Mean Man: The Story of Chris Holmes (2021)

Anyone who watched The Decline of Western Civilization Part II: The Metal Years can tell you that Chris Holmes is the highlight of that film. When we finished watching it, my wife asked when he died. I said, “Believe it or not, Chris Holmes is still alive.”

As the guitarist for W.A.S.P. — if you’ve seen The Dungeonmaster, they’re in it — Holmes was as much a maniac on stage as off. He wasn’t a founding member, as the band rose out of the ashes of Blackie Lawless and Randy Piper’s other band, Circus Circus, along with Rik Fox (who soon left to be in the band Steeler) and Tony Richards (who left the band Dante Fox to join, which became Great White).

By the time the band’s self-titled first album was released, Holmes had joined, also played on The Last Command, the band’s best selling record and one that brought Steve Riley from Keel* and King Kobra bassist Johnny Rod into the lineup.

Although Inside the Electric Circus was a commercial success (and critical failure) and The Headless Children was a critical success (and at the time, a commercial failure), Holmes wouldn’t last. He married Lita Ford and then left the band, saying, that he wanted to “have fun, you know.” Lawless responded by saying, “Some guys want to stay at home and wear aprons.” He would also claim that he was going to play the T-1000 in Terminator 2: Judgement Day, which sounds like a completely ridiculous apocryphal story.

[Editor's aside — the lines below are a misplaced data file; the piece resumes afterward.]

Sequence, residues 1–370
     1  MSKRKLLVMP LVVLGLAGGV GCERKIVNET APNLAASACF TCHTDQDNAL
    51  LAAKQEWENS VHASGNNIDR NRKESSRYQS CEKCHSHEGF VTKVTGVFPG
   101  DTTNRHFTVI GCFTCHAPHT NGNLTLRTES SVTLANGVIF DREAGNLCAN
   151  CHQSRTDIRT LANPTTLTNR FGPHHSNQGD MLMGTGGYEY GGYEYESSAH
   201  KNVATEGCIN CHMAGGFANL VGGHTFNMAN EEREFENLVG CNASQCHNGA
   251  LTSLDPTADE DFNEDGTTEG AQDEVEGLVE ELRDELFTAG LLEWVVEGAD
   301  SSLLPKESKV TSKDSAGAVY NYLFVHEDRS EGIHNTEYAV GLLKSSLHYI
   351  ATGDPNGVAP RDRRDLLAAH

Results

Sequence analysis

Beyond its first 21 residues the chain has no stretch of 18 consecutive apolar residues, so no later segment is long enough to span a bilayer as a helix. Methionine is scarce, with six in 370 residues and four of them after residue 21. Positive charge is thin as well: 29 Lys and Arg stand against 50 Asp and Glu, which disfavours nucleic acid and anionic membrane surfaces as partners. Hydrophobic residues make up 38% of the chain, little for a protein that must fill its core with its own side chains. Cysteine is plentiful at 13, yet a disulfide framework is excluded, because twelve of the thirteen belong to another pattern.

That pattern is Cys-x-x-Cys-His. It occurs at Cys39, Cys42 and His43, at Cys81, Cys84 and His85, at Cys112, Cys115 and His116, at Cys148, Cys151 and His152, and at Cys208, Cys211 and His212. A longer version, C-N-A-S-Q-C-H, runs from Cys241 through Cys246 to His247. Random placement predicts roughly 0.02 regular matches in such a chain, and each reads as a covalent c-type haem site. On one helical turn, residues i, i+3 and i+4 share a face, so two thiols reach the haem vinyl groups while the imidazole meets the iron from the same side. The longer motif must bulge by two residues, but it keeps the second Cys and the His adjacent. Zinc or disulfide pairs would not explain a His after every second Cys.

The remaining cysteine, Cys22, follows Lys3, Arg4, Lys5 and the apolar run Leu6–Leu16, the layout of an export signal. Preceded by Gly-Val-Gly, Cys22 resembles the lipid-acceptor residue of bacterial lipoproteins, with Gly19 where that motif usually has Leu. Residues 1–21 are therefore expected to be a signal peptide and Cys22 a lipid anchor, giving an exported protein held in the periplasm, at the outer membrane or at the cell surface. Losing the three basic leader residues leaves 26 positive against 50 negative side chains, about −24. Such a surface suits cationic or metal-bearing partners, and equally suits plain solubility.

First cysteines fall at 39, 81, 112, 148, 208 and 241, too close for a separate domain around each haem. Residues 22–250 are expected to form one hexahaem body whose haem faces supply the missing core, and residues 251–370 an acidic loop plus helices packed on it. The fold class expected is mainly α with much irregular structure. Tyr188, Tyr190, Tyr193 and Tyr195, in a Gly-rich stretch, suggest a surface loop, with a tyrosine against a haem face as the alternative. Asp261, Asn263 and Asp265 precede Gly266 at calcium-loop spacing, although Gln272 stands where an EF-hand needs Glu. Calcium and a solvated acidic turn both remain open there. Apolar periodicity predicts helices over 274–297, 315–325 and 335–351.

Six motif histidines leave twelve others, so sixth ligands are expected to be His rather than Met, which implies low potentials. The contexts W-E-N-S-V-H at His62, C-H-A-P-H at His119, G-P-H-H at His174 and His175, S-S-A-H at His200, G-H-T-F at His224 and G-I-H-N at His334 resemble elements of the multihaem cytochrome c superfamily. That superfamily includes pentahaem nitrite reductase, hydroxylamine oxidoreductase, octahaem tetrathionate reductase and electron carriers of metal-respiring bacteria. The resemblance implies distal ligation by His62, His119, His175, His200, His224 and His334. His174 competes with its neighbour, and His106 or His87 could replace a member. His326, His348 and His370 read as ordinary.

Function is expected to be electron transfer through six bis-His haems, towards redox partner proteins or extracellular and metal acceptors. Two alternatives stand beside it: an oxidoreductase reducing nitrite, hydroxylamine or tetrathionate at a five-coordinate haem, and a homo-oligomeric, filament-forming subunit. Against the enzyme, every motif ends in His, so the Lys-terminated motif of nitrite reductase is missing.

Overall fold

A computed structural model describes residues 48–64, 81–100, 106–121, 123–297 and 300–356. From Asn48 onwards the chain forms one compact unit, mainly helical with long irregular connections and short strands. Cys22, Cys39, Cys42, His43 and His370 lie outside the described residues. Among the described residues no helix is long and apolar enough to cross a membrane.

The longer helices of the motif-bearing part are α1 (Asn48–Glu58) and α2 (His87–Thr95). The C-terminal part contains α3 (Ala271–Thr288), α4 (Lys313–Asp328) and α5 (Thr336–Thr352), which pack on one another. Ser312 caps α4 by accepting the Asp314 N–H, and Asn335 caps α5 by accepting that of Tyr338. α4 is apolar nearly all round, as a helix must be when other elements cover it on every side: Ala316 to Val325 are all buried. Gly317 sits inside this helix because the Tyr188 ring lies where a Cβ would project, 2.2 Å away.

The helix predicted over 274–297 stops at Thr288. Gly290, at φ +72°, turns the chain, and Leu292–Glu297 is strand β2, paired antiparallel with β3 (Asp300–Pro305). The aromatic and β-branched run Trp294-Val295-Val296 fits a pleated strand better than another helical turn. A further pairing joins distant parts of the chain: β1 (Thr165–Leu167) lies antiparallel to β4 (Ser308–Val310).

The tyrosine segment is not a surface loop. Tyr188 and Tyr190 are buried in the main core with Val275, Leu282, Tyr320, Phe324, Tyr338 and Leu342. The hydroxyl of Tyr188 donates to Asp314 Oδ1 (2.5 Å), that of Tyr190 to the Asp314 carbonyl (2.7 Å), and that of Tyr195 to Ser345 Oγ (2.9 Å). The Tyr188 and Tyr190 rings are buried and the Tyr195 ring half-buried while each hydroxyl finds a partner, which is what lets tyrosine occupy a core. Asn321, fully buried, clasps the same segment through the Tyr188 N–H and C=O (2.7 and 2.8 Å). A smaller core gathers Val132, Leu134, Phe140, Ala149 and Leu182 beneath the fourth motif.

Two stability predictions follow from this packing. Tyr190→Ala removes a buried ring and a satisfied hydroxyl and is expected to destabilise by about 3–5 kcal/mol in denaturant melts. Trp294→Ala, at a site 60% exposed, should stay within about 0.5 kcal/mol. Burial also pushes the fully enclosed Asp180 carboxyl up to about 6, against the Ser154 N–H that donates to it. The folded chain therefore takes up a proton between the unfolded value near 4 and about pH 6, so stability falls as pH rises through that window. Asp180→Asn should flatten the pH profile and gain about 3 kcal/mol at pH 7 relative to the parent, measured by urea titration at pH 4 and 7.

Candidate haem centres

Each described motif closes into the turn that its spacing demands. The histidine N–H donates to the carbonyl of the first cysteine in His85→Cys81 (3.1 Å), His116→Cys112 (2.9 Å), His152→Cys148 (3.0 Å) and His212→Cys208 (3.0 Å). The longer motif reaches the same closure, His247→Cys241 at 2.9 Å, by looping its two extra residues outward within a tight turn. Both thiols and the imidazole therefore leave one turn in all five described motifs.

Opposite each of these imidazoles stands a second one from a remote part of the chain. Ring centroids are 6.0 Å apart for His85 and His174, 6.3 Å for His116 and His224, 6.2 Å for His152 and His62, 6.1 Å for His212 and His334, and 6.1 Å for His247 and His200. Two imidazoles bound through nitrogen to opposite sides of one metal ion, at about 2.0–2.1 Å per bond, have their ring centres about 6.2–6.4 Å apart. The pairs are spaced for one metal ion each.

While Holmes would rejoin for a brief period from 1996-2001, he and Lawless were not destined to get along.

The movie finds the guitarist reflecting on a life of the highest highs and lowest lows, as he has lost the publishing rights of his own songs and must start over again with a new band named Mean Man while living with his mother-in-law in Nice, France. Unlike other films like I Am Thor, Holmes doesn’t come across as a buffoon or unaware of his place in the world.

This is a man that weather the storm of the Sunset Strip, of six DUIs, of sex, drugs and rock and roll, yet has remained alive, despite all common sense saying that there’s no way that should be true. Yet here he is, hugging his dog Ugg, enjoying being married and screaming at cars in traffic. It’s too good to be true, but sometimes, that actually happens.

You can learn more about this movie on the offical website.

*Ironically, Rik Fox’s band he left for, Steeler, had Keel singing. And Yngwie Malmsteen on guitar, if you’re keeping score at home.

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